Football is an interesting sport because there are a lot of times that your best players just don't fit on the field. Maybe your best running back is on the sideline when you want to go with five wide receivers. Maybe a huge nose tackle is off the field in an obvious passing down. Maybe even the quarterback is taken off in lieu of a Wildcat formation.
For the most part, players just aren't going to play every snap available to them. But the percentage of time that the player spends on the field is a good indicator of how much the team trusts him in various situations and how versatile of a player he is. I don't think there is a great name for this stat, but Redskins full season on-field-time is out, via Ryan O'Halloran of CSN Washington, and the results are pretty much what you would expect.
- After reading this stat, I'm convinced that London Fletcher should spend the offseason allowing scientists to study his heart and body and stuff. I wouldn't be surprised to find out if he had some Secretariat-type thing going on under the hood. Fletcher, even at the ripe old age of 35, played on 1,083 of a possible 1,085 defensive snaps, good for a ridiculous 99.5 percent. O'Halloran breaks down the five snaps that Fletcher was totally slacking.
Fletcher played every snap in 14 of 16 games, missing a snap against Houston (when the Texans’ punter ran out the clock instead of kicking) and the last four snaps in the Philadelphia blowout (garbage time). So really, Fletcher didn’t miss a meaningful defensive snap.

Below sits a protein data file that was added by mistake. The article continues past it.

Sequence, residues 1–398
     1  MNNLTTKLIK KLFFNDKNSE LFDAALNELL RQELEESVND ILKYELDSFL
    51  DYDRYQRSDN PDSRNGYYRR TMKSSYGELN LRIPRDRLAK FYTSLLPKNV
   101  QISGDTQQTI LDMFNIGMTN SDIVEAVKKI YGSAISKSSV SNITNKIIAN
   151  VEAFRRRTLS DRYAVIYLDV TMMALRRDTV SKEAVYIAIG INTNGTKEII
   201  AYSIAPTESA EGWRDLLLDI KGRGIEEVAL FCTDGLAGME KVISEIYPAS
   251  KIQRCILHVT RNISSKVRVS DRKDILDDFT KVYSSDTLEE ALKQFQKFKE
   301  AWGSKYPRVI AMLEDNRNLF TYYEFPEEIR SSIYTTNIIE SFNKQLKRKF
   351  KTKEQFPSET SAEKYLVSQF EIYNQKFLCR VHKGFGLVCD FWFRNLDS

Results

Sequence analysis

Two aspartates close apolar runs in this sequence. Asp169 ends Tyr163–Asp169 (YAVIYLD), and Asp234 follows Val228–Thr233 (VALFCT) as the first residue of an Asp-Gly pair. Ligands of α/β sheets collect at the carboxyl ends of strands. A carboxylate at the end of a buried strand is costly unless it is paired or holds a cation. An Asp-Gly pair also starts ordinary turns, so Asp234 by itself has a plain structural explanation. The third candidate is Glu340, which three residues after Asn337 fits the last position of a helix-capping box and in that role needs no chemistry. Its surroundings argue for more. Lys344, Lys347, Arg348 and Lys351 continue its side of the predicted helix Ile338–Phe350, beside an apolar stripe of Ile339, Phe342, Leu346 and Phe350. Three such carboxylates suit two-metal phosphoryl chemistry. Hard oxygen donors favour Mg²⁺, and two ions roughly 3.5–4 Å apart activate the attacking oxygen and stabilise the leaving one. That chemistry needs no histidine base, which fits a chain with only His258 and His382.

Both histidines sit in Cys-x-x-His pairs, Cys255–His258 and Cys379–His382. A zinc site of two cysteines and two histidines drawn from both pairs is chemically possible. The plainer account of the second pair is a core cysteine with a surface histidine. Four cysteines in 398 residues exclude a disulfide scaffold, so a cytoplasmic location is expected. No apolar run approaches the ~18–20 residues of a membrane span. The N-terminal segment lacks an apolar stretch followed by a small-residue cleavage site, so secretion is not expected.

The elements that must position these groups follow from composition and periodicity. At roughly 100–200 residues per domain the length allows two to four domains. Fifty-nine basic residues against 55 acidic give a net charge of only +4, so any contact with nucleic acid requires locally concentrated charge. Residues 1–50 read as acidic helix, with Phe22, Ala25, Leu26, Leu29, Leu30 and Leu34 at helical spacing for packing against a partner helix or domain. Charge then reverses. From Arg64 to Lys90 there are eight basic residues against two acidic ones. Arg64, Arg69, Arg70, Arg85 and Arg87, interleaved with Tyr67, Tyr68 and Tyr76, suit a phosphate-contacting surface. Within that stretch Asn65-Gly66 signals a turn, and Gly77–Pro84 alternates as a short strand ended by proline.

So even when he was slacking, he wasn't really slacking. Fletcher played every possession that mattered, and as you know if you watched him play, played his heart out on each and every one of them. Surely he can't keep this up forever, but let's just enjoy his production while it lasts.
- Santana Moss played on 968 of a possible 1,043 snaps, or 92.8 percent. This isn't a huge surprise, considering that for much of the year (and the past few actually) he was the only legitimate receiving threat on the field.
- Lorenzo Alexander played on 58.1 percent of defensive snaps in his first year as a full time defensive player.
- After picking him up off the scrap heap, Adam Carriker played 52.6 percent of the total defensive snaps.
Bad Things (And the names on this list shouldn't surprise you):
Albert Haynesworth, the poster child for all bad things everywhere, only played in 18.8 percent of total defensive snaps. I'm willing to take a few percentage points away however based on how poorly he played while he was out there.
- The LOL award goes to Devin Thomas (whom I'm sure you remember is a fairly recent second-round pick), who played on one, count 'em one, offensive snap this year before being released.
- This one is good for Phillip Buchanon, but bad for the state of the Redskins secondary. When you have to trot him out there on over 60 percent of the defensive snaps, you aren't in very good shape.
- In what was supposed to be a big breakout season for him, Fred Davis only played on 36.7 percent of the offensive snaps.
- Brandon Banks had a knee injury to deal with, but I'm sure Redskins fans would want to see one of their more explosive players out on the field for more than 14 total offensive snaps this season (1.3 percent).